Pop quiz! It’s that time of year again — when we squish our adult bodies into tiny kid chairs and sit across from our children’s classroom teachers to cram a semester’s worth of information into a 15-minute conversation. What do you say at a parent-teacher conference? What do you ask? Do you smile and nod and hope the teacher isn’t going to bring up anything surprising? Do you come armed with a clipboard and checklist? Most importantly, how can you make the conversation meaningful?

If you, like me, really want to partner with your child’s teacher and see your child thrive, try these questions — I have found them to be very helpful when talking with our wonderful school teachers!

1. What parts of learning seem to excite my child?

It can be tempting, in any parent-teacher setting, to focus solely on areas for growth. This is also important, but keeping a sense of curiosity alive is crucial for raising lifelong learners. Draw attention to (and learn from your teachers about!) which aspects of learning bring excitement to your child!

2. In what specific ways are you challenging my child to stretch in either their strengths or their weaknesses?

Kids rise to a challenge. This applies to straight A students or those on the lower end of the bell curve. Challenging them implies assessing what they can already do and then encouraging them to stretch, grow, and go deeper. Some teachers are naturally good at this, some struggle to do it with either lower performers OR high performers. Asking the question informs you about your child and gives you a picture of your teacher’s educational model.

3. What is my child’s social temperament? How would classmates describe them?

This can be a very informative question at a parent-teacher conference — and it can alert you to problems if a child’s behavior at school is radically different than at home. “I’ve noticed X at home; are you also seeing it in the classroom?” Remember, you and the teacher are (ideally!) partners in helping your child learn and grow!

4. What are some tangible ways you see my child demonstrating kindness, patience, inclusion, curiosity, or perseverance (or another value your family holds)?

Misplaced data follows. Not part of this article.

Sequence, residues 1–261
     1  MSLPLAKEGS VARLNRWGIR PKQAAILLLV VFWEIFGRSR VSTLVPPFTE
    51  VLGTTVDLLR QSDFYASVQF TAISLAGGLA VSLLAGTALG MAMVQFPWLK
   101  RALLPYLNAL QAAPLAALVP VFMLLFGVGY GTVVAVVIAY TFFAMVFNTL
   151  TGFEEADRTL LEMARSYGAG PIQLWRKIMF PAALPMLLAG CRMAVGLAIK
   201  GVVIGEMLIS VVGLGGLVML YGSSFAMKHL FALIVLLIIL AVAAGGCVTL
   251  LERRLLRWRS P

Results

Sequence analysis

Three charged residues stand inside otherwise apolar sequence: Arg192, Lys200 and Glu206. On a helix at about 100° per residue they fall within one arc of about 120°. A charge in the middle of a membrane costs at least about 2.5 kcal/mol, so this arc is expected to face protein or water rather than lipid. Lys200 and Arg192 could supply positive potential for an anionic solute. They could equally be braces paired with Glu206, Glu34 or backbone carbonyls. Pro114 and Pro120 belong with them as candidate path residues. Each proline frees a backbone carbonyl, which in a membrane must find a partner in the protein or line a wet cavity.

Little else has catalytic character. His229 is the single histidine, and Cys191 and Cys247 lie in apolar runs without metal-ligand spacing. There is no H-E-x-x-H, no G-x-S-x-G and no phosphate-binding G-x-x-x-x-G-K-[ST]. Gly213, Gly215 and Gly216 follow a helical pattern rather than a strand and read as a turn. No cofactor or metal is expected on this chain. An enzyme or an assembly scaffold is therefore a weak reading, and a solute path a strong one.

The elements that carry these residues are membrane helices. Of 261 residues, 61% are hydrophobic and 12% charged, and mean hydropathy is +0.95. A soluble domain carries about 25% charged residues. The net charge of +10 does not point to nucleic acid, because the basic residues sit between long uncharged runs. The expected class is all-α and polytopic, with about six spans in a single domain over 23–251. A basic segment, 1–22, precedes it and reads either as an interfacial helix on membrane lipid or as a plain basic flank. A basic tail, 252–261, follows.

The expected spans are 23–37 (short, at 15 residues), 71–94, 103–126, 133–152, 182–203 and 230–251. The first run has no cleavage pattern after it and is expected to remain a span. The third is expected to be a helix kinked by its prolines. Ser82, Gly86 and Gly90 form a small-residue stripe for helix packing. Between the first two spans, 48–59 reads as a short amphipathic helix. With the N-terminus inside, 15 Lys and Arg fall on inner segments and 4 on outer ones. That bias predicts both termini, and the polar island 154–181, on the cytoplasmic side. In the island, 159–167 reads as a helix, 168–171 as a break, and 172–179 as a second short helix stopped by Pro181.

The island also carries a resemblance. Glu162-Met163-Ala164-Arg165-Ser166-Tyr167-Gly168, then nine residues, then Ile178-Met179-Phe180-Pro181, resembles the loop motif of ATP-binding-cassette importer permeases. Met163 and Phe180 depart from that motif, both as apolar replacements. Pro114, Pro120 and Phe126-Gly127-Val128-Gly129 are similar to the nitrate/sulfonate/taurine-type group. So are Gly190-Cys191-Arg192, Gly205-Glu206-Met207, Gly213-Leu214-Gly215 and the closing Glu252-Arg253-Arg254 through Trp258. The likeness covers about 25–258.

To me, character is as important to develop as academic performance — if not more so. We love when our kids get good grades and perform well, but it’s more important to us that our children are curious and kind. I ask this question to my children’s teachers because I want to be able to praise the character of my child — to my child — regardless of their academic strengths or weaknesses. I also want the teacher to look for these characteristics (and praise them!). And if the teacher is seeing great academic grades but a lack of character, I want to know about that, too.

5. Are there things that would be helpful for us to work on at home?

I want to leave a parent-teacher conference with practical strategies I can implement at home to support and partner with my children’s teachers — for the best outcomes in both academics and character development. Remember, learning doesn’t stop when the school bell rings. And almost every (good!) teacher sees their work as a partnership with you. Proactively owning that partnership takes a little bit of a load off the teacher. (And saying “thank you” is also very appreciated!)


Kristen D
Kristen is Southern by birth but has called Boston home since 2008. Unlike most Boston natives, she still really loves the snow and cold. She and her husband have two energetic and kind sons (2013, 2014) and a sassy baby girl (2016). Kristen jokes that she has a Master's degree in laundry and a PhD in conflict resolution — which she uses far more than her actual physics and politics degrees. After seven years as a stay-at-home mom, Kristen went back to work full-time in 2021, and has found that incredibly life-giving while also an additional "juggle." In her "spare" time, she runs her own business (Murph&Moose), serves on multiple school committees, and runs half marathons. Her passion is seeing moms feel comfortable in their own skin and less alone in the chaos that is motherhood. Loves: gardening, languages, coffee, running, time with her girlfriends, and the rare moments of silence when all three children are (finally) in bed. Dislikes: daylight saving time, non-washable markers, and noisy neighbors who disrupt her rare moments of silence.